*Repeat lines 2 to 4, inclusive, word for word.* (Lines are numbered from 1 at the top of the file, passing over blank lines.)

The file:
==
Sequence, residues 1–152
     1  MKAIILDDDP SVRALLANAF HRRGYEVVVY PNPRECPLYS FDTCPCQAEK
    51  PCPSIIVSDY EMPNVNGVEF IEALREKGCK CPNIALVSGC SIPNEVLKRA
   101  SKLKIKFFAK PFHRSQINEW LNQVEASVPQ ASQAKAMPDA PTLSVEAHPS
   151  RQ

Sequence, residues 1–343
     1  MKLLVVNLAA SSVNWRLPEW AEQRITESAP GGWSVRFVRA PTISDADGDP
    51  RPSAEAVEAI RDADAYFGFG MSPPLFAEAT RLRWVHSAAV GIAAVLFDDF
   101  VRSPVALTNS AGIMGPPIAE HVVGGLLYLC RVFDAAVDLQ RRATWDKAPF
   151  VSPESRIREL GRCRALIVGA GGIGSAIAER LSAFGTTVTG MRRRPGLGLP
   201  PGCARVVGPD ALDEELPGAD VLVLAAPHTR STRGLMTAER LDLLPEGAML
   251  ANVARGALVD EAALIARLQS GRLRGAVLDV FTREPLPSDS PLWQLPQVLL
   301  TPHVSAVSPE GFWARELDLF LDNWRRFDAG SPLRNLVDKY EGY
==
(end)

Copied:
     1  MKAIILDDDP SVRALLANAF HRRGYEVVVY PNPRECPLYS FDTCPCQAEK
    51  PCPSIIVSDY EMPNVNGVEF IEALREKGCK CPNIALVSGC SIPNEVLKRA
   101  SKLKIKFFAK PFHRSQINEW LNQVEASVPQ ASQAKAMPDA PTLSVEAHPS